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OCZs 64GB Core Series SSD now rings up at $99 after rebate

In what must a record for price meltdowns on brand new technology, OCZ's Core Series SSDs have taken yet another nose dive in pricing.

Last week, DailyTech reported that the 32GB OCZ Core SSD dropped down to an unheard of $99 after a $60 mail-in rebate. This week, it looks as though it's the 64GB version's turn to take a price cut.

Newegg is now listing the 64GB Core Series SSD at $99 after a $70 mail-in rebate. In roughly a week, the customers can now get twice the space at the same price -- that's quite incredible considering the drives retailed for $259 when they were introduced just over two months ago.

The price cuts, however, come shortly after an AnandTech review criticized the drives for poor performance. From the AnandTech review:

As I've mentioned before, the random write issues with JMicron JMF602 based MLC SSDs are simply unacceptable and in my opinion they make the drives unusable for use in any desktop or notebook that you actually care about. Next year we may see a JMicron controller that fixes the problem but until then, I'd consider those drives off limits.

Although it's unknown which controller the new Super Talent MasterDrive OX SSDs are using, they are ringing up at $149, $259, and $419 for 32GB, 64GB, and 128GB models respectively for comparison.



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RE: soon, they will be affordable...
By Samus on 9/18/2008 4:29:27 AM , Rating: 5
You do realize magnetic storage is going the way of beta (which was magnetic heh) but seriously...in 5 years, laptops and most desktops aren't going to have hard disks. I suspect capacity of these is going to catch up with hard disks by then, and price parity will be insignificant to justify the huge disadvantages of hard disks (power, weight, shock/vibration damage, heat, unpredictable crashes, size, and of course, performance.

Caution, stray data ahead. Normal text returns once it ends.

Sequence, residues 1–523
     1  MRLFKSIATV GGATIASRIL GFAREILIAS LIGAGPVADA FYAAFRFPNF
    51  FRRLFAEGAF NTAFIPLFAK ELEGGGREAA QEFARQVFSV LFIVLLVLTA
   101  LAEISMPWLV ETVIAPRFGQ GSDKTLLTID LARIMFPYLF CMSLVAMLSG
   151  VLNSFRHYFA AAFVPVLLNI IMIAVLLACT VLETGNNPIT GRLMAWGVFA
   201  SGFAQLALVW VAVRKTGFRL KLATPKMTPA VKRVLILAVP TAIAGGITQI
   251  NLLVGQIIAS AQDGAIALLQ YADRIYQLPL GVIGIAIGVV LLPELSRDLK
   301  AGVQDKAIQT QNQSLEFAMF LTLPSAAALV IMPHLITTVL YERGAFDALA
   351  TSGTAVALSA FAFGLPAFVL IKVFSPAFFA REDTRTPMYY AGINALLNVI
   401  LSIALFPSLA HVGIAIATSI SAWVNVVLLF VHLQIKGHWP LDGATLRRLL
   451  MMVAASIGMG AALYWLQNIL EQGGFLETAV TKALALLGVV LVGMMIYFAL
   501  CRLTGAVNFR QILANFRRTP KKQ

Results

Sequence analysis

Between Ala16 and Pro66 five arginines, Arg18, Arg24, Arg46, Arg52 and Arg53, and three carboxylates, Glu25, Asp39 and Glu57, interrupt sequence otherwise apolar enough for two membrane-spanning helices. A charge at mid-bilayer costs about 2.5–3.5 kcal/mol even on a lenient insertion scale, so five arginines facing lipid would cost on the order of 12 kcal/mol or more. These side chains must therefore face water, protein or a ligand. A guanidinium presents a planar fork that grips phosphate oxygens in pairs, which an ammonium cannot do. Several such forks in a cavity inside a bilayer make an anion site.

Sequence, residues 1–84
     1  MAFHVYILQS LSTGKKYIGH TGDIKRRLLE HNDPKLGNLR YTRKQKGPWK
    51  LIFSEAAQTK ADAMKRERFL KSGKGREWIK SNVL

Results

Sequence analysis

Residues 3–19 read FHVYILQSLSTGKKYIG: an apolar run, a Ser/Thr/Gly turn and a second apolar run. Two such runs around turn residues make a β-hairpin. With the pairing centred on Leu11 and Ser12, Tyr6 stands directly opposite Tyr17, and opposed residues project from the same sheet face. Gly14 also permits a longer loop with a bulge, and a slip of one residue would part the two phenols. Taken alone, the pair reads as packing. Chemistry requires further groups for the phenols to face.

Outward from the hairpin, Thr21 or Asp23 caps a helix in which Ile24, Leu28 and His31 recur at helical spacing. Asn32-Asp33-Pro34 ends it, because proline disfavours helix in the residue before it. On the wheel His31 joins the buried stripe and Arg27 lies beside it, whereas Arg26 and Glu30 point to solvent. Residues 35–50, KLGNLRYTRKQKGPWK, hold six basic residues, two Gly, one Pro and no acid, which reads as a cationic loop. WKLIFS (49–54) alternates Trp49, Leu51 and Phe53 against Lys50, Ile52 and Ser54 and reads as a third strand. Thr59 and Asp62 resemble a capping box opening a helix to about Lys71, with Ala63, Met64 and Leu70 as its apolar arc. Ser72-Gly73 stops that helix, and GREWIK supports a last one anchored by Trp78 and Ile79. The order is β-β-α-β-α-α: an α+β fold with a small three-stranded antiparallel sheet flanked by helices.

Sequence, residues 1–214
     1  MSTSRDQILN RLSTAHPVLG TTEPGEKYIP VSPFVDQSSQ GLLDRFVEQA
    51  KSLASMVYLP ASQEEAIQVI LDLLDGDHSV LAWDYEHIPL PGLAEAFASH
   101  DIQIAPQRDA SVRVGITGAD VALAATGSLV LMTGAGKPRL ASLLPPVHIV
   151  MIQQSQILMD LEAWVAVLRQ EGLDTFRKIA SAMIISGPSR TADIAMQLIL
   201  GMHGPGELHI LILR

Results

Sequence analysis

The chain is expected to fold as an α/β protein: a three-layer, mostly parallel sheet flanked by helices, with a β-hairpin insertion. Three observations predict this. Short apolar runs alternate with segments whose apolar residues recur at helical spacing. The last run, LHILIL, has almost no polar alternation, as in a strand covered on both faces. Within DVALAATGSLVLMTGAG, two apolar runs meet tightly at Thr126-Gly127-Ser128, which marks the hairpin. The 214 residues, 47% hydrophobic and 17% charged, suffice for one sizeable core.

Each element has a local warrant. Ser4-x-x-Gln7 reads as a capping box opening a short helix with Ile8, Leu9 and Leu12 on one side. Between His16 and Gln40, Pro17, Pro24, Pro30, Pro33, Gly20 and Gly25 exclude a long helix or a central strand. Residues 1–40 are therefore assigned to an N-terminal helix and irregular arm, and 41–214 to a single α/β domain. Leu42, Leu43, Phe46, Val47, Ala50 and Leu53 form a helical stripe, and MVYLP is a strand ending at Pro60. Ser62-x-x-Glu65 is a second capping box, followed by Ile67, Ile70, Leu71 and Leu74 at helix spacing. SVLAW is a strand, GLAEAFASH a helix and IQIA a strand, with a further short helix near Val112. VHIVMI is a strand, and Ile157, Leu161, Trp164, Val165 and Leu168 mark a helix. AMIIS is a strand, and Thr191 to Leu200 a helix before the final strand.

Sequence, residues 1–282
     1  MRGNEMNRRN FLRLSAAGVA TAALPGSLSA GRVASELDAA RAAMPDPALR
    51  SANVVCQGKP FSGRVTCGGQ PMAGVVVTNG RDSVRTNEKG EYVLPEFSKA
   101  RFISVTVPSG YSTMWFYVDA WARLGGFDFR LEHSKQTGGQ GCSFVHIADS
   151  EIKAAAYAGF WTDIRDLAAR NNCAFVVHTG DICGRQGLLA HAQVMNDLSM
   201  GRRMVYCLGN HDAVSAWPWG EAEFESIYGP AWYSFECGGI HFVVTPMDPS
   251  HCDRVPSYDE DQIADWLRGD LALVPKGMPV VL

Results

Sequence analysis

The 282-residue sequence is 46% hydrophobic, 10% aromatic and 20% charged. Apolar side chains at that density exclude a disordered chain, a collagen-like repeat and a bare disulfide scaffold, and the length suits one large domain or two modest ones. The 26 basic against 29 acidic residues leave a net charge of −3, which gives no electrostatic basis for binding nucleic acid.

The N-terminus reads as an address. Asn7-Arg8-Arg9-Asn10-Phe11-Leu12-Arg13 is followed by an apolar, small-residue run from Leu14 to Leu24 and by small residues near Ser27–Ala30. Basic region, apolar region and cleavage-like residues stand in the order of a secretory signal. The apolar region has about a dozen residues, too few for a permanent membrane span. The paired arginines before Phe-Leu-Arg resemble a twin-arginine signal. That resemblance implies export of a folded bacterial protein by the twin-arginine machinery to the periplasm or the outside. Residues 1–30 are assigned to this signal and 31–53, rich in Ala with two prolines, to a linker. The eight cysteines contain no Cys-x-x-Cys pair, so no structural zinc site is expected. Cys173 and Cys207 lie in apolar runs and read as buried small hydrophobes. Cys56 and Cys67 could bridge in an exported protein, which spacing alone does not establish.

They're only going to get faster and cheaper. Hard disk's aren't. They're just going to get larger, and in a matter of time, they will hit their technological limit that will require a new form of technology.

After all, we don't use punch cards anymore.,,/Tim


By icanhascpu on 9/18/2008 4:41:53 AM , Rating: 2
Any valid point you had was drown in a sea of exaggerations.

10 years and ill agree to most of that, except they arnt getting faster and cheaper? Where have you been when they tought the last 50 years of tech history? They are 10+X the speed and nearly 100x the capacity they were 10 years ago. What a silly statement.

I expect SSD to improve at a faster rate, but lets keep our minds in reality here.


RE: soon, they will be affordable...
By Chaser on 9/18/2008 8:37:21 AM , Rating: 2
There's no "sea of exaggeration" here. SSD drives are the next viable step from magnetic hard drives considering their limitations and various shortfalls. And there are, we've just lived with them.

Also SSD's are emerging product from the computer consumer's standpoint. But in this case it's in a niche that promises a significant amount of system performance to be gained. In addition to capacity increases there will be also be the "GT", "XT", "PRO" versions, its 3D cards all over again.

And another factor to drive this technology will be margins. Magnetic media in nearly all forms is quickly becoming extinct. Improving performance on conventional hard drives today takes a high amount of R&D, more money, more power, higher speeds, more heat, etc. SSD's are a new technology and for the most part we are at the beginning.

All it could take would be a simple tweak or new controllor chips whatever that results in noticably faster performance, you a new label on it, throw out a couple of good reviews, along with a decent price and off the shelves it will go.

5 years really is not an exaggeration. Here they come!


By icanhascpu on 9/18/2008 6:09:04 PM , Rating: 1
If you think it will take only 5 years to phase out HDD, youre an idiot.


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